It’s fair to wonder what the appetite is for the equity grants when states and districts have received nearly 10 times that amount in pandemic K-12 aid, in addition to hundreds of billions in general relief for state and local governments.

Those formulas, and the details in the formulas, are incredibly complex and incredibly important.

At the same time, it can be much more difficult, and potentially unwise, to drive structural changes through emergency relief as opposed to recurring funding like the equity grants.

“There’s an ongoing need for a lot of these services. And stimulus funding, although it’s not one-year, it’s one-time funding,” said Jonas Zuckerman, the director of Title I with the Wisconsin Department of Public Instruction, who noted that he was not articulating his department’s official position on the equity grants.

Title I has its fair share of critics. There are concerns its formula doesn’t do enough to get sufficient money to students with the most acute needs. A 2019 report from the National Coalition on School Diversity argued that Title I actually encourages districts to maintain high concentrations of poverty.

Yet Title I is relatively popular, or at least generally accepted without lots of angst, on Capitol Hill. The majority of federal COVID-19 relief funding is flowing through the Title I formula to states and districts. All three pandemic aid packages relied on it.

Lawmakers also continue to provide the Title I program with regular increases in federal budgets, although those increases have been roughly a few hundred million dollars every year. In general, Democrats in charge of Congress are big fans of education funding. But that doesn’t mean they’ll approve a huge new formula program bigger than the current Title I set-up that could be a high-profile target for future cuts in a GOP-controlled Washington, leaving things like enhanced teacher compensation in the lurch.

“I don’t think there is $20 billion lying around that appropriators would put toward this program and not other priorities,” said Anne Hyslop, the director of policy development for the Alliance for Excellent Education and a former Obama Education Department staffer. “It’s just such a huge ask.”

Two efforts to revamp the Title I formula as part of negotiations over what became the Every Student Succeeds Act—the main federal K-12 law—fell short in 2015. The failure of those proposals might be largely forgotten. But Biden’s policy team might remember them because they demonstrated that such changes are difficult to pull off.

Under the equity grant plan, states would have to “demonstrate progress in improving the equity and adequacy of their funding systems” to obtain any funding increases to the $20 billion grant program, the Biden budget says. How that would work on top of the formula is unclear. Hyslop said it’s also unclear how the proposed grant program would distribute money to individual schools within districts.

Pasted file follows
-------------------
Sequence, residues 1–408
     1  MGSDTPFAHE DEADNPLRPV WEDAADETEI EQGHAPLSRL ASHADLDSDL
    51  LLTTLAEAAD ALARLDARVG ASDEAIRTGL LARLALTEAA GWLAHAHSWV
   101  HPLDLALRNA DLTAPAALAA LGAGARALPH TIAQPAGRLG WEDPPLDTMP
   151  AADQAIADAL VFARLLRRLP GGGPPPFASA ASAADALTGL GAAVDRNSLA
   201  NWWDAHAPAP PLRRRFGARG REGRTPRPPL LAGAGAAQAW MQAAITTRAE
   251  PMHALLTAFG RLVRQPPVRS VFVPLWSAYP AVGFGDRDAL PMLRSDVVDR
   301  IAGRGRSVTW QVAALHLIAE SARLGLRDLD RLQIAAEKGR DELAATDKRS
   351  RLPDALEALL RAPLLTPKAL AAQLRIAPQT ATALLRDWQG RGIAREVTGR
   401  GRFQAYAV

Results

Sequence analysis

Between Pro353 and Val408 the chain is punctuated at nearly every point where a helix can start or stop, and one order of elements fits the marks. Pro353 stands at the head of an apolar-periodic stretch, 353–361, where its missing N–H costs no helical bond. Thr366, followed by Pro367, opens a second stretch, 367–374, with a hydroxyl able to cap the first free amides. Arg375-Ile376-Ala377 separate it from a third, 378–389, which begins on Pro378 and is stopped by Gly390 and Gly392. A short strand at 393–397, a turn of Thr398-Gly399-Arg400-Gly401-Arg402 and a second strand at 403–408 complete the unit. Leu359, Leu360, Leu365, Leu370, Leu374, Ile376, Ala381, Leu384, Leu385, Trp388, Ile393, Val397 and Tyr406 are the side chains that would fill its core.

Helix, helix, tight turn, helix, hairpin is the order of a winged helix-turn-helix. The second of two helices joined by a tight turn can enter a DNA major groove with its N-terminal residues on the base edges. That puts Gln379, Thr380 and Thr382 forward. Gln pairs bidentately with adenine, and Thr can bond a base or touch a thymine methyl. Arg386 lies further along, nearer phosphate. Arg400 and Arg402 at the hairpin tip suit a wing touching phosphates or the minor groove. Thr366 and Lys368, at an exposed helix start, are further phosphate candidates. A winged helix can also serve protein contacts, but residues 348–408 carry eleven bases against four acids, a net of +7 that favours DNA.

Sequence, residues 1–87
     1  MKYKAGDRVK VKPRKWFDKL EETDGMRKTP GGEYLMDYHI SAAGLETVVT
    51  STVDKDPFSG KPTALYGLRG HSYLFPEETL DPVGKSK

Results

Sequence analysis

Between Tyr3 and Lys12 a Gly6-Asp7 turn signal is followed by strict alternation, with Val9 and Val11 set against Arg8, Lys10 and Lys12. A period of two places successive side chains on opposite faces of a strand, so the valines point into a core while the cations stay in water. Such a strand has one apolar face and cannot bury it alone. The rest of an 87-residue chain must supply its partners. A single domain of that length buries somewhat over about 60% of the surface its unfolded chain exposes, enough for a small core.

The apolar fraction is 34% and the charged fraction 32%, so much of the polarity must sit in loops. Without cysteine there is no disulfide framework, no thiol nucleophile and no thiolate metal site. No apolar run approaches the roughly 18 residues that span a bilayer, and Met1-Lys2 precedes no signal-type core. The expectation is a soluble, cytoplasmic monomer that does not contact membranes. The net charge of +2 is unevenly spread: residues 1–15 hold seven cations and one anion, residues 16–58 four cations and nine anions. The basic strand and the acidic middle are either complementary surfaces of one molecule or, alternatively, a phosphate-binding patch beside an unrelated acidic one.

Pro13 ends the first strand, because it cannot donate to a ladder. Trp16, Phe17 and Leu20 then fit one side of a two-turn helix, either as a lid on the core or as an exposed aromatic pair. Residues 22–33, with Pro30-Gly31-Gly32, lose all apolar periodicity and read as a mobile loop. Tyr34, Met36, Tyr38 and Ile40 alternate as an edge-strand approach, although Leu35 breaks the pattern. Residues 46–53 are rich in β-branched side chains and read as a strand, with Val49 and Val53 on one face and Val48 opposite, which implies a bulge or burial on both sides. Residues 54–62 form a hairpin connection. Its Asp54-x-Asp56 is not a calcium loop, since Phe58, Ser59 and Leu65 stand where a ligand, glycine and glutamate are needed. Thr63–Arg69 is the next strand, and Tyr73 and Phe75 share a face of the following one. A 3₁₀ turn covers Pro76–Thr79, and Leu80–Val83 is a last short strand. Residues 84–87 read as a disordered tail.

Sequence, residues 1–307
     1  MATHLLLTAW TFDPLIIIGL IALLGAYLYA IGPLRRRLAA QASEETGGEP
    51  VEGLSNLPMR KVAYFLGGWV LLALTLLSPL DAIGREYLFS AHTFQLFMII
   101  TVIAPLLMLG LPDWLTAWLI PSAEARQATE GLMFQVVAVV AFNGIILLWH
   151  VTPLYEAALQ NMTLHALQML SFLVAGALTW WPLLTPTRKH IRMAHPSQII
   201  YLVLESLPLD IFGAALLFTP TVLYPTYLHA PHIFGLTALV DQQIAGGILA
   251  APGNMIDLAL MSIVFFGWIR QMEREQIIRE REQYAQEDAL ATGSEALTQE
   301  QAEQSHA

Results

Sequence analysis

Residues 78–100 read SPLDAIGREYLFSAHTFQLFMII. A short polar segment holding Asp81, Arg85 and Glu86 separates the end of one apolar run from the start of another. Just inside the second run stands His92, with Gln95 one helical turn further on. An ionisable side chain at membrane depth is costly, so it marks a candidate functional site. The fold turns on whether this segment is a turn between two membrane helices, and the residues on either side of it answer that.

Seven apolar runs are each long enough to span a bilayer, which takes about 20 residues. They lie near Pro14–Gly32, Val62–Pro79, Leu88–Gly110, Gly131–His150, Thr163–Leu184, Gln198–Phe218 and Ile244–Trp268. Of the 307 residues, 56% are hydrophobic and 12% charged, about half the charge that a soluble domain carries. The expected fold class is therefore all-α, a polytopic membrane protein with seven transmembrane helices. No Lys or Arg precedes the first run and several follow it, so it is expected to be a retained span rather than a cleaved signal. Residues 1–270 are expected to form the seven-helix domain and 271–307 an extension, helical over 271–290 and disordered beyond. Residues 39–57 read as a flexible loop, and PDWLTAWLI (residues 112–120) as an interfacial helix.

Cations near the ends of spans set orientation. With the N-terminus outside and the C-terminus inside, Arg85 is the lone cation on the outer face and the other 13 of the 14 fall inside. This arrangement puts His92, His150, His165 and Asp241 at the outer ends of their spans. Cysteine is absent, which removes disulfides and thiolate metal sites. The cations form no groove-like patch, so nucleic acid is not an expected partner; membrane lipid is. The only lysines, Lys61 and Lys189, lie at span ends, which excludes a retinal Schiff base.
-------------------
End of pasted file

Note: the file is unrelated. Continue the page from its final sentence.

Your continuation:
I think the four things they have chosen in this proposal are all good things for the federal government to do and encourage.

Lingering, bipartisan distaste for Race to the Top could also affect interest in the equity grants. Remember that the Biden administration sought to create competitive, equity-focused grants in the American Rescue Plan earlier this year. But Congress spurned the idea.

This equity grant proposal isn’t the only way the Biden administration is demonstrating its priorities. The president’s American Families Plan blueprint includes a $200 billion proposal to expand prekindergarten access. And the American Rescue Plan includes a “maintenance of equity” provision designed to protect state and local funding for high-poverty schools. The overlapping proposals might amplify each other, even if that overlap doesn’t clarify everything.

“I think the four things they have chosen in this proposal are all good things for the federal government to do and encourage,” Hyslop said. But the grant proposal is “creating some strange bedfellows” by outlining four very different priorities that might be better served by separate, more-focused proposals, she said.

Changing state funding formulas is hard work

We don’t yet know all the important nuts and bolts of how these equity grants would work. One thing we do know is that it’s often pretty difficult for states to change their funding formulas for public schools, whatever public pressure exists for change.

As our colleague Daarel Burnette II wrote in a 2019 preview of states mulling changes to formulas that were years if not decades old, “Replacing a state’s funding formula is both complicated and politically contentious, and past efforts, for a variety of reasons, have fallen flat in many states.”

In short, the process can take a long time and involve many players, proposals, and false starts. That goes for federal funding changes too.

“Those formulas, and the details in the formulas, are incredibly complex and incredibly important,” Zuckerman said.

And state and local school leaders focused on addressing the pandemic’s effect on education might have little time or no energy left over for initiating an overhaul of how they fund schools every year.

Yet Zuckerman also said the current turmoil and challenges might make reviewing fundamental aspects of the education system, like funding, all the more important.

“Is it a good time? There’s never a good time. But is it a unique time? It’s definitely a unique time,” DeSchryver said.

Meanwhile, a recent effort from Washington to spur district-level interest in creating more equitable funding systems has been met largely with indifference.

The grant proposal pitches $50 million for “voluntary State School Funding Equity Commissions” that would highlight funding gaps and report on progress in closing them. Even if Congress adopted that idea and nothing else, DeSchryver said, it could be a helpful recognition that states are in the driver’s seat for this issue.